“Teaching kids to count is fine, but teaching them what counts is best.” – Bob Talbert
International Day of Peace or Peace Day is happening on the 21st of September and what better way to incorporate some peaceful activities into your classroom? Teaching kids about peace isn’t just talking about war and conflict. Peace is talking about fairness, justice, inner-peace, respect for the environment and much more.
Joyful Peace Day Activities for Kids
This doesn’t need to be a huge lesson. Spend some time talking about what the day is and why it’s important. You may even like to read one of the suggested stories at the bottom of this blog and then complete one of these cute classroom craft ideas to display in your classroom as a talking point for visitors to your classroom.
Why not invite the Principal into view the students work and hear what they have to say about International Day of Peace?
(1) Dove + Origami = Peace
The dove is a common bird that has very symbolic history. Many religions and cultures celebrate doves as a symbol of peace. The best part is that doves live all over the world.
Match the dove with the tradition of Japanese paper folding – origami, which has become a symbol of peace because of a young girl named Sadako Sasaki, and you have the ultimate International Peace Day activity. Why not get your students to follow along with this video to create their very own origami dove?
Hint: Pause as each step is completed.
(2) Pinwheels for Peace
Jump on board the pinwheels for peace initiative! This initiative uses a pinwheel as it symbolises childhood or a time when things were simple, joyful and peaceful.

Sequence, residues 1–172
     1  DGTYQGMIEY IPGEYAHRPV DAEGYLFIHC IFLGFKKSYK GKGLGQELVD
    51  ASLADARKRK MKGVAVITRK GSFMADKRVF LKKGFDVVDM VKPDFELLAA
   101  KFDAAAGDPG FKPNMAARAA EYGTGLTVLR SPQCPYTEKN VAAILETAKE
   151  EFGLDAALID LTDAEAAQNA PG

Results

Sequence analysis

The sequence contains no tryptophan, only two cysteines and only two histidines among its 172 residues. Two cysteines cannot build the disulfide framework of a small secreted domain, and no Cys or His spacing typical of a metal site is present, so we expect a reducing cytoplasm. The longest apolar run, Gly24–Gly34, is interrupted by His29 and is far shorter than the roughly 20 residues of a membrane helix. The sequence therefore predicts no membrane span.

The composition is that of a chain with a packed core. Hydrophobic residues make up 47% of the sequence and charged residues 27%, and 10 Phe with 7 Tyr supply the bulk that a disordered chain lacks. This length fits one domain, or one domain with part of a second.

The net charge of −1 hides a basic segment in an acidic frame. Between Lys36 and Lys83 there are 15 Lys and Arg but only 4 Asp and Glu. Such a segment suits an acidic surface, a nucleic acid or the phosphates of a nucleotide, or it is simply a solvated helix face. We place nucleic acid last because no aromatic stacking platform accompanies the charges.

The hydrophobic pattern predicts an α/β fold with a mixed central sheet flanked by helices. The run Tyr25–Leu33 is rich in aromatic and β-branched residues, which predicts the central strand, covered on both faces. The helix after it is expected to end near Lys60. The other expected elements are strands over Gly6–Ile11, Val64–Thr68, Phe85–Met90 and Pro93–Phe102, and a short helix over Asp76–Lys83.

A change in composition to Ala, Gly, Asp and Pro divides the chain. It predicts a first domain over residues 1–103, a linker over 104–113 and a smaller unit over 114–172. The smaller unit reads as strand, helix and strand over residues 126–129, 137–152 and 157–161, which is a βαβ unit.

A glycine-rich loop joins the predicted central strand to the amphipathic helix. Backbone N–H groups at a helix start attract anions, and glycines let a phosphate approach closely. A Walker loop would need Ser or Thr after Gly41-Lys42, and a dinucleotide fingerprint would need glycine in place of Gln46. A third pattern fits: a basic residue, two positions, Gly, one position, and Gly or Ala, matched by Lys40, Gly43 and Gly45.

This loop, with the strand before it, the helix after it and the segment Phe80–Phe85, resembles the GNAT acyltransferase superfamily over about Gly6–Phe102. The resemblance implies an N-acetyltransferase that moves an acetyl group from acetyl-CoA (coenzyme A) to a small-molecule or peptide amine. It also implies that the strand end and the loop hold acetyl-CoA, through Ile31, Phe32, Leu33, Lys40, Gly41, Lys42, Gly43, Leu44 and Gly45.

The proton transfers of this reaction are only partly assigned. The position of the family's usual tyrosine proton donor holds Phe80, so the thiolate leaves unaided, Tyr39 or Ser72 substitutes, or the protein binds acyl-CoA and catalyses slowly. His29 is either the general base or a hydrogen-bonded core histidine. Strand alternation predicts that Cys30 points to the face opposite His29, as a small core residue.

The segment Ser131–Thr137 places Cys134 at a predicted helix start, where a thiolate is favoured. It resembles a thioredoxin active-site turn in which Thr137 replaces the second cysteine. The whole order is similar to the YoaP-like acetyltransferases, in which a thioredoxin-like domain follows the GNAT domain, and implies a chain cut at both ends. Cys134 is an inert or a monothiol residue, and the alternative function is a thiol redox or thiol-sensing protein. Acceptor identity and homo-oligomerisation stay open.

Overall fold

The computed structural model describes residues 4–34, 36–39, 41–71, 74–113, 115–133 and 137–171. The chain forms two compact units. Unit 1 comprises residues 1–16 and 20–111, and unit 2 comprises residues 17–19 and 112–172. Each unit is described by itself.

Use our Mindfulness Pinwheel Template and have students create their own pinwheel and write words that relate to peace on the white space. They can even add a wish for the world on the pinwheel. Then ‘plant’ the pinwheels outside as a whole class or better yet, the whole school. The idea is that the spinning of the pinwheels in the wind will spread thoughts and feelings about peace throughout the country.
Make an impact by ‘planting’ the pinwheels in the peace symbol shape in the school yard.
(3) Spread Peace to the Whole School
Apart from a fantastic way to introduce to your students the basic concepts of peace, this very catchy tune is the perfect assembly performance piece. Why not have your students learn this song to perform for the whole school to spread peace? But, be careful – it’s super catchy and will be in your heard for days to come!
“One by one in our work and in our play, we are teaching peace by what we do and what we say!”
For the lyrics check out the Red Grammer website.
(4) ‘Peace is…’ Heart Mobile
Use our Heart Template. Print four hearts for each student on different coloured paper.
Get your students to write what peace means to them on one heart, then stick some coloured streamers or crepe paper on the heart. Fan out the other heart templates at the top to create this gorgeous peace mobile to hang around your classroom.
(5) Fingerprint Dove Display
Download our Peace Day Craft Templates and print the dove template on A3 card for this activity.
After discussing peace with your students get them to brainstorm things they could do easily in the classroom or school to commit to peace. Once each student has made their pledge have them add their own fingerprint to the dove to complete a whole class commitment to peace.